I'm a Mac guy all the way.... but come on, really?
Olivia Newton-John
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Fri Dec 11, 2009 12:12 pm quote
Birdsnest wrote:
Gateway PC SFF Circa 1999 - 2000


iMac Circa 1999 - 2000


I'm a Mac guy all the way.... but come on, really?
in case anyone is interested, i worked on that gateway profile project. so did modern vespa member oldspice. ah, the old days...
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Fri Dec 11, 2009 12:18 pm quote
I ran 9 or 10 of those profiles as clients on our hospital network. We usually expect 3 to 4 years on our machines. Those Gateways held up very well. (The subsequent generation.... not so much.) But, I don't think we had any warranty claims or issues with that series. Liked 'em fine.
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Fri Dec 11, 2009 12:18 pm quote
I worked on Body Worn Computers for the military in the mid '90s. small's not the issue. I can now do much more with my cell phone than I could with my desktop from the mid '90s.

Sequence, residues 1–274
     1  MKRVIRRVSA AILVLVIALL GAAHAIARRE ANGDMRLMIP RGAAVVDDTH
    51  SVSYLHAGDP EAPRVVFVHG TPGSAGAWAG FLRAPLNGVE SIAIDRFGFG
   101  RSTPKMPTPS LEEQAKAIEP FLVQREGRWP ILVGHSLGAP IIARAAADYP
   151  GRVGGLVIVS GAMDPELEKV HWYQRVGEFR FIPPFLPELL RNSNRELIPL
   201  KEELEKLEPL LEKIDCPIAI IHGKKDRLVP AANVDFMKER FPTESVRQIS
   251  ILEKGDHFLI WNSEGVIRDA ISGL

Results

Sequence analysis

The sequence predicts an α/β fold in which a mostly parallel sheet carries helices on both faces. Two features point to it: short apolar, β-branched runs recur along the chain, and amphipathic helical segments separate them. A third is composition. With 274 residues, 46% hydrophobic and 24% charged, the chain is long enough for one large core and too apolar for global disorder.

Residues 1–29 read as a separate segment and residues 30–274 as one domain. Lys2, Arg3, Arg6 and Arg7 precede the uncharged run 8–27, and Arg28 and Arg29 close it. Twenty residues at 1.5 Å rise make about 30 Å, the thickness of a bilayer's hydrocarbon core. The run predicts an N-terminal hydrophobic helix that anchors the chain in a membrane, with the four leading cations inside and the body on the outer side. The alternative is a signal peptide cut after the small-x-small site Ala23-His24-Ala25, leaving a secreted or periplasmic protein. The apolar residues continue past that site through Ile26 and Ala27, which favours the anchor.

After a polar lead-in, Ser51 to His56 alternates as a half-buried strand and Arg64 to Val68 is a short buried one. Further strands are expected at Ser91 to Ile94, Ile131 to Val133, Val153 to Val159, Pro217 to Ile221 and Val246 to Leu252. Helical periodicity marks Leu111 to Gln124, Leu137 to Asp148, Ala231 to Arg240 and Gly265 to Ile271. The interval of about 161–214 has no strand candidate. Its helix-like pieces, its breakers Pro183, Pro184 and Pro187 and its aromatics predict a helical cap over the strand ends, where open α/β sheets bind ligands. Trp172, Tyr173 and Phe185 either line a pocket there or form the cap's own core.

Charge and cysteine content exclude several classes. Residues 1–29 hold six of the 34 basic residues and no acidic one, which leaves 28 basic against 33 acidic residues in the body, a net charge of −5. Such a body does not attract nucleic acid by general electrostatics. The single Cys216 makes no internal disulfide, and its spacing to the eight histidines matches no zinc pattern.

I like the idea, but since laptops are pretty much taking over the market it's a bit of a 'who cares'.
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Fri Dec 11, 2009 12:19 pm quote
Re: NSFAF (Not Safe For Apple Folks)
jrsjr wrote:
Sometimes we in the PC world get it so horribly wrong that we have to laugh at ourselves, and this is just one of those times. My humble apologies to anybody who's offended, but apparently this is a real product that is expected to be welcomed by corporate American IT buyers.
I like this. Big improvement on the old Optiplex desktops.
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Fri Dec 11, 2009 12:26 pm quote
Vista vs Windows 7
Have you noticed that windows isn't trying to sell Vista anymore, trying to push it under the rug so to speak. Vista was yet another try to be like a Mac. And now as I understand Windows 7 is being advertised as better then XP, MS has lost there way since Bill Gates left. MS XP is the best program MS has ever come up with, IMHO.
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Fri Dec 11, 2009 12:36 pm quote
Once you try Windows 7 64bit you may change your mind Erich
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Fri Dec 11, 2009 1:53 pm quote
I learned on DOS, and have had just about every version of Windows up to and including Vista.